Tough Emissions Caps Loom for China, India

SINGAPORE - New emissions standards loom for China and India, and both markets could encounter problems related to availability of compliant fuels and engine oil compatibility with gasoline particulate filters, industry insiders said at a conference last month.

One of the major uncertainties for the future lubricant industry is the oil ash limit for [gasoline particulate filter] compatibility, and there is no global consensus yet, Chen Gang, Chevron Oronites product development manager for China, told an audience at the ICIS Asian Base Oils & Lubricants Conference here.

Engine oil standards writing bodies dont agree yet on whether ash levels should be limited. As Chen noted, the International Lubricant Standardization and Advisory Committees new ILSAC GF-6A and GF-6B engine oil performance standards, due for first licensing in mid-2020, have no ash limit, while the European Automobile Manufacturers' Associations ACEA C category caps sulfated ash at 0.8 percent by weight - a provision originally included because ACEA light-duty oil categories apply to vehicles powered by diesel as well as gasoline. The Japanese Automotive Standards Organization is developing a specification for ultra-low-viscosity passenger car motor oils, GLV-1, and it is not expected to include an ash limit.

The China 6 emission standard will be introduced in two phases: China 6a is being implemented in some jurisdictions this year and takes effect for the rest of the country in July 2020; and China 6b, which will go beyond limits in the European Union, is scheduled to become law in July 2023. China 6 standards are fuel neutral, so they apply to both gasoline and diesel vehicles. It is expected that most gasoline-powered vehicles will need particulate filters.

"China VI for heavy duty is in the advanced stages of implementation, and diesel fuel regulation [and supply] is ready for it. ILSAC GF-6 will be used on first licensing date, said Chen.

API CK-4 will be the mainstream low [sulphated ash, phosphorus and sulfur] heavy-duty motor oil in China. Chinas low SAPS HDMO specification may be applied in the future once its ready, he said.

The same after-treatment devices will be used by China OEMs, driving the needs of low SAPS HDMO, he added.

Lubricant blenders will also have to consider the impact of other regulations. Due to corporate average fuel consumption regulations and taxes on big engines, Chinas passenger car market is dominated by turbocharged gasoline engines with direct fuel injection, while sales of electric vehicles are growing fast.

China has mandated that manufacturers of light-duty vehicles meet corporate average fuel consumption targets 5 liters per 100 kilometers compliance by 2020 and 4L/100 km by 2025. The minimum fuel economy requirement for heavy-duty vehicles was ratcheted by about 13 percent on July 1.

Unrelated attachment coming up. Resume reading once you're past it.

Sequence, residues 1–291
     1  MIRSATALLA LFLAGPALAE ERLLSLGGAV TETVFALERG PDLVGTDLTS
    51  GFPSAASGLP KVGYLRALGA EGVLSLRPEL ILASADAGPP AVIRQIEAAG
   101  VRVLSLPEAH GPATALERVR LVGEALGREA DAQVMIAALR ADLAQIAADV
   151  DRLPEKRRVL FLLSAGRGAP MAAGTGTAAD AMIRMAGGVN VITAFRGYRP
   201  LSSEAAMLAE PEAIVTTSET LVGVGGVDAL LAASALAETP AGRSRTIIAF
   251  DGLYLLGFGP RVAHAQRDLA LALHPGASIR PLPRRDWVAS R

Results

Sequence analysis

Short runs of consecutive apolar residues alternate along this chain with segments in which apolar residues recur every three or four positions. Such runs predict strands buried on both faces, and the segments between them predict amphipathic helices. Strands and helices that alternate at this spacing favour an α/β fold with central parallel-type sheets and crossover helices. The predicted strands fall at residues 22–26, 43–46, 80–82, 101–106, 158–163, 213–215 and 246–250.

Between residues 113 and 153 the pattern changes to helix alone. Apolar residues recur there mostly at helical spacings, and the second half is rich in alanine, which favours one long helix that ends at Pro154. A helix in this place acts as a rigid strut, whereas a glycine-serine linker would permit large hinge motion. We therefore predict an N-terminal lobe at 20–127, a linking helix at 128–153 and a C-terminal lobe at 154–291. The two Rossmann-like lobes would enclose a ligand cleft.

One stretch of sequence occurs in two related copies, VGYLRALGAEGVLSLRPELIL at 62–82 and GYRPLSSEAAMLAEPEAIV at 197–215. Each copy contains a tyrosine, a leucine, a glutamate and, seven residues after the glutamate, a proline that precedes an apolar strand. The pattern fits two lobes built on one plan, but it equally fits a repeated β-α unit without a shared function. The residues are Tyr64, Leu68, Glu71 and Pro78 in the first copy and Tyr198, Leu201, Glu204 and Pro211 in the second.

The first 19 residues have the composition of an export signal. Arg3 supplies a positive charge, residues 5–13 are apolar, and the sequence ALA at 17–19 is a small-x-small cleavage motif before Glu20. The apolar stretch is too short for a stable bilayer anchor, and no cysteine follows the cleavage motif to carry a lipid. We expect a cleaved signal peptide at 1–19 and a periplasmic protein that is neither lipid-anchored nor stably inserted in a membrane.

India is scheduled to implement its Bharat Stage VI emissions standard for all vehicles on April of next year. Its limits are equivalent to Euro 6. At the same time, the cap on sulfur levels in fuel will be reduced to 10 parts per million. The current Bharat Stage IV emissions standard and 50 ppm sulfur limit were introduced in 2017.

Some say the huge jump in standards will make it difficult for industry to supply BS VI compliant fuel on time. They have made BS VI fuel available in the national capital of India and in certain other regions, while working on making it available everywhere with a slow overhaul, said Sonakshi Khurana, business analyst of Kenroger Oil Solutions in India.

The supply of BS VI-compliant fuel needs to be expanded on war footing, said Rashid Hasan, advisor for the Society of Indian Automobile Manufacturers.

But oil companies that have already put in U.S. $6.5 billion to upgrade to BS IV will now invest another U.S. $5 billion to upgrade fuel quality to BS VI. The government needs to facilitate supplying the required quality BS VI fuel countrywide, he added.

Automobile manufacturers are concerned that high-sulfur fuels could cause damage to car engines. The catalyst will be overworked, and that is connected to the engine. Engine performance will be impacted, and the only way [to improve it] is to use better quality fuel, Yamamori Kazuo, project manager of Toyota Motor Corp., told Lube Report.

The car engine is made for sulfur 10 parts per million, so it may not be suitable for 50 ppm fuel, agreed Rashid.

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